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St. Patrick’s Day is a holiday that honors St. Patrick, the Patron Saint of Ireland, and celebrates all things Irish. We are only 7% Irish in my family, but its enough to get us excited to celebrate the fun of Saint Paddy’s day and join in on all the St. Patrick’s Day traditions that we enjoy!
Every year on March 17th, our kids dress up in no pinch green outfits and search the grass for shamrocks. They try to catch the roaming leprechaun in our house who left green foot prints on the toilet seat, and enjoy a fun St. Patrick Day pancake breakfast complete with lucky charm marshmallows and green apple slices.
While the kids are out trying to catch the elusive St. Paddy’s Day leprechaun, the adults have their own celebration planned; stocking up on cases of Guinness beer, Corned beef, and as many green decorations as they can find. Neither kid nor adult appreciate the pinching on St. Pats Day!
St. Patrick’s Day Origin
So where did St. Patrick’s Day come from? St. Patrick’s day is a cultural and religious celebration held on 17 March, the traditional death date of Saint Patrick. The Irish have observed this day as a religious holiday for over 1,000 years.
It is observed by the Catholic Church, the Church of Ireland, the Eastern Orthodox Church, and the Lutheran Church. The day honors Saint Patrick and the arrival of Christianity into Ireland. Celebrations of the Irish heritage and culture involve public parades and festivals, wearing green attire or shamrocks.
As the Irish emigrated to the US and other areas around the world, their numbers grew and soon, annual St. Patrick’s Day parades became a show of strength for Irish Americans. Festivities across the globe took place as this Irish Holiday grew in popularity.
Today, people of all backgrounds celebrate St. Patrick’s Day, especially throughout the United States, Canada and Australia.
Why The Shamrock?
According to legend, Saint Patrick used the three-leaved shamrock to explain the Holy Trinity to Irish pagans.
He wore it often to show his faith. The green later became a symbol of the Irish and is worn annually on March 17th to avoid becoming pinched!
St. Patrick’s Day Traditions
The St Patrick’s Day custom of “drowning the shamrock” was historically popular, especially in Ireland. At the end of the nights festivities, a shamrock is put into the bottom of a cup, which is then filled with whiskey, beer, or cider. It is then drunk as a toast to St Patrick, Ireland, or those present.
Besides drinking alcohol, there are a number of traditions that we partake in to appease our Irish ancestors.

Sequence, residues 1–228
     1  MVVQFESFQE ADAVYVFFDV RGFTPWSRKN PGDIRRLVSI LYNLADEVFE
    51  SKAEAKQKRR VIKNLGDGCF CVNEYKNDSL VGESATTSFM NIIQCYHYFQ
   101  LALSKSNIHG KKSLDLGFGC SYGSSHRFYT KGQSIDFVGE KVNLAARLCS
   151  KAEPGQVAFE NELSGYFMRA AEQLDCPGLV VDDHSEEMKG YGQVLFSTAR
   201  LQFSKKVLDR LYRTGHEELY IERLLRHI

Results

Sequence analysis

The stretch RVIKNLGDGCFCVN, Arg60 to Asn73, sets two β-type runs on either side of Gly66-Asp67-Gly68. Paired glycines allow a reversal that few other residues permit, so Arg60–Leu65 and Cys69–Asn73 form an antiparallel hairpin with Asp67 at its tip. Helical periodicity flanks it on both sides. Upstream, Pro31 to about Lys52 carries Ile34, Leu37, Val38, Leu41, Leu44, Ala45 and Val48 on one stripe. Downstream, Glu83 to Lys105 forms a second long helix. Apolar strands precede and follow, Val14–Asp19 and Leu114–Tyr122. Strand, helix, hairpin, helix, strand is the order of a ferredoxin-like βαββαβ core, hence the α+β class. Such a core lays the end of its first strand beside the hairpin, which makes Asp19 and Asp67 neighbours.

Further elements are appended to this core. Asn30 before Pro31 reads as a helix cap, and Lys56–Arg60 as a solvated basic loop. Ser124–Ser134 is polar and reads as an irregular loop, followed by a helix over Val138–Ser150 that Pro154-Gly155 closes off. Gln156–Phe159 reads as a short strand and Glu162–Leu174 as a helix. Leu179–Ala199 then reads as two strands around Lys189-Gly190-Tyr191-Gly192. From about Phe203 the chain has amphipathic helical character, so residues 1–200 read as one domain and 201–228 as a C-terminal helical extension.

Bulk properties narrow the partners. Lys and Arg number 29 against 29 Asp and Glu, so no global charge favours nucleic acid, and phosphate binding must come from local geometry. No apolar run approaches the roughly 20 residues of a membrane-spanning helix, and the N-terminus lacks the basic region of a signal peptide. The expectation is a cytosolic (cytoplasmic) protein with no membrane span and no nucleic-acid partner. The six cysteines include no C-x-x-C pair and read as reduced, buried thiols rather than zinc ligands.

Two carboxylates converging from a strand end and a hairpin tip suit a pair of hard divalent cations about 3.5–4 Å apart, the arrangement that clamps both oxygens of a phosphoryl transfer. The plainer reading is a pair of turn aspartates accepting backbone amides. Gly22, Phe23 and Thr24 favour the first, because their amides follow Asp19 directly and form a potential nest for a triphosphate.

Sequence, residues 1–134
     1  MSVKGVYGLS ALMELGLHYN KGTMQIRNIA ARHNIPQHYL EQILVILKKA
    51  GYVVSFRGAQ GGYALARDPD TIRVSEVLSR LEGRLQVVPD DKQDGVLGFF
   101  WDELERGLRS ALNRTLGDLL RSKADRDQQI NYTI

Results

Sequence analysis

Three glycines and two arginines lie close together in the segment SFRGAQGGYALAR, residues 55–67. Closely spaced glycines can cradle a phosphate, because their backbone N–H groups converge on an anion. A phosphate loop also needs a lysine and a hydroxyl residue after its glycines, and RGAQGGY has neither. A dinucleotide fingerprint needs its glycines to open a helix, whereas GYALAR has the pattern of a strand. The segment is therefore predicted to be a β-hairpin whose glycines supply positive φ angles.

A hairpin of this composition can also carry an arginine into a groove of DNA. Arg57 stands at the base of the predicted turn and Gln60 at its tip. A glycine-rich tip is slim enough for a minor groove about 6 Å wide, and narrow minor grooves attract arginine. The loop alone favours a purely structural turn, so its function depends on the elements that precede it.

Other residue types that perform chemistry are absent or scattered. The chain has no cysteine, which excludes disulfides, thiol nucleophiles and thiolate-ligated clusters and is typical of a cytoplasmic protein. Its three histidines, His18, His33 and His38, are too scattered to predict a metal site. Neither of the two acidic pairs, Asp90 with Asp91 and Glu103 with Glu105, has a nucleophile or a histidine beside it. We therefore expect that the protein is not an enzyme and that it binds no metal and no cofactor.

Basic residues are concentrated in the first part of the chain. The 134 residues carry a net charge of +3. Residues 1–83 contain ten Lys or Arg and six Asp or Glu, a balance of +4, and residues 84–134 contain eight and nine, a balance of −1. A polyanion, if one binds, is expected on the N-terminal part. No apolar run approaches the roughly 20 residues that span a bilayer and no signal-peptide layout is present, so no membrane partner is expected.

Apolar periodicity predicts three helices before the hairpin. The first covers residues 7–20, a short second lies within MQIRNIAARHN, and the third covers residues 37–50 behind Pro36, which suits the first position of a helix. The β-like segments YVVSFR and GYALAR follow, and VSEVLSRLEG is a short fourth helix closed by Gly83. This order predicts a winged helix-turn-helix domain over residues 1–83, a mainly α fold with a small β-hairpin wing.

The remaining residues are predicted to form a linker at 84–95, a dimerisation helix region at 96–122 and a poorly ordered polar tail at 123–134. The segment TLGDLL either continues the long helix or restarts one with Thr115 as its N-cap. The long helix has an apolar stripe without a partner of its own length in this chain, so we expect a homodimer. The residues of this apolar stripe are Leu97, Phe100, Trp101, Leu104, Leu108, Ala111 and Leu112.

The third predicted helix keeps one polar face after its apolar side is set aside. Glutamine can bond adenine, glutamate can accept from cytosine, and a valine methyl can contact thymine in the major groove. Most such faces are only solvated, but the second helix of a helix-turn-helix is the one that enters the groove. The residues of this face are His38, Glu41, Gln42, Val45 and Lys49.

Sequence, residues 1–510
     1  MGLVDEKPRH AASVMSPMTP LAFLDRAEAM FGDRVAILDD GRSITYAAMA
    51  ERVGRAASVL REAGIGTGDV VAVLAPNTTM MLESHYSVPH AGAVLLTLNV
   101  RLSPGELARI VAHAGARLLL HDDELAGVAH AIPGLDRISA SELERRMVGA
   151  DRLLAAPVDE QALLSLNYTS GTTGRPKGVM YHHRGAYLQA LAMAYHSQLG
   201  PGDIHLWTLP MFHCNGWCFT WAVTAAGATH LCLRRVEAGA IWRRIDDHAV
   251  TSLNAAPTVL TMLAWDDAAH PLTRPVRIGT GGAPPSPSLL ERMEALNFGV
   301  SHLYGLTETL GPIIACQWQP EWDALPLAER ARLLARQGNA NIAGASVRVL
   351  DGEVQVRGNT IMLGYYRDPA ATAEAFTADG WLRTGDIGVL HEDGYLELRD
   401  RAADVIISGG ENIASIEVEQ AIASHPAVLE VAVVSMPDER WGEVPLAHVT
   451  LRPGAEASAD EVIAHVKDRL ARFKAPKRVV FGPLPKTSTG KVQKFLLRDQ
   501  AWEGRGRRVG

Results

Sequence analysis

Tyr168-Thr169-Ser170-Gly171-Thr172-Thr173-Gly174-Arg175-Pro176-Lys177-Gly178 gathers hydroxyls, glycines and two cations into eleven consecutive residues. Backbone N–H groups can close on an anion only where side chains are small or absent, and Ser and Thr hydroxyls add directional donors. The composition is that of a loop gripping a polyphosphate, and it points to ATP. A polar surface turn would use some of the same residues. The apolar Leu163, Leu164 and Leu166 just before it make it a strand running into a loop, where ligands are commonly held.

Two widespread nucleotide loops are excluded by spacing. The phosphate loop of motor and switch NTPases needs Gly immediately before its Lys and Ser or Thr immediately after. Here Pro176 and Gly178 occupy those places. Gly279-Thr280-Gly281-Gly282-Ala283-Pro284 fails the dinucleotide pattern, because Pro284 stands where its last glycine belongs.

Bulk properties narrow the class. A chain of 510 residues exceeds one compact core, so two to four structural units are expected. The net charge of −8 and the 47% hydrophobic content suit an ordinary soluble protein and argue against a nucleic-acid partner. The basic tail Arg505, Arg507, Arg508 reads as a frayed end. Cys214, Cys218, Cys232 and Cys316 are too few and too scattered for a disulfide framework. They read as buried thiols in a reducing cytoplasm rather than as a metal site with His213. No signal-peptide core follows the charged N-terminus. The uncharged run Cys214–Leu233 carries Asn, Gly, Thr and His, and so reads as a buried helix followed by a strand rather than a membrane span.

Parades: New York City hosted the first St. Patrick’s Day parade in 1762, and by the mid-19th century parades were common.
Catch a Leprechauns: Cute or creepy, these Irish tipsy little men in green attire, come from Irish folklore. Snag one and you can barter his freedom for his treasure. Leprechauns are usually said to be able to grant the person three wishes. But dealing with leprechauns can be a tricky proposition.
Eat: Corned beef and cabbage is a classic St. Patrick’s Day meal. More American than Irish but it was most affordable meat available back in the 1900s so was commonly used for their feast.
Show Your Colors: The St. Patrick’s Day traditions of wearing a shamrock to celebrate Saint Patrick seems to date from the seventeenth or eighteenth century. The shamrocks are blessed and worn to prove their true Irish heritage. Many people (Irish or not)wear something green on St Patrick ’s Day to celebrate their Irish ancestors or support for the Irish.
St. Patrick’s Day Facts
The Shamrock: According to legend St. Patrick used the three leaf clover (or shamrock) to explain the Trinity. It is also the national flower/emblem of Ireland.
Dyeing the river green: St. Patrick’s Day traditions included dyeing the river green, started in Chicago in 1962, when city officials decided to dye a portion of the Chicago River green. They have been doing it annually since!
Corn beef and cabbage: This is an Irish American dish. Irish Americans were so poor they could not afford certain meats. On St. Patrick’s Day, the best meal they could afford was beef and cabbage. It became a tradition for the holiday.
Irish Pubs: Did you know that pubs in Ireland had to remain shut for the St Patrick’s Day Holiday? It wasn’t until the late 1970’s the Irish law permitted pubs to open their doors on March 17th.
Leprechauns: According to Irish legends, people lucky enough to find a leprechaun and capture him (or, in some stories, steal his magical ring, coin or amulet) got to keep his pot of gold.
Pinching On St. Pat’s Day: Apparently, leprechauns can’t be seen. They’re mischievous, so people pinch you to remind you that if you’re not wearing green, you’ll get pinched by a leprechaun.
Beverage of Choice: Beer (Dyed Green Beer) is one of the most widely consumed beverages on St. Patrick’s Day. I suppose your green tongue could also be considered your green attire 😉
4 Leaf Clover: Your odds of finding a four-leaf clover are about 1 in 10,000.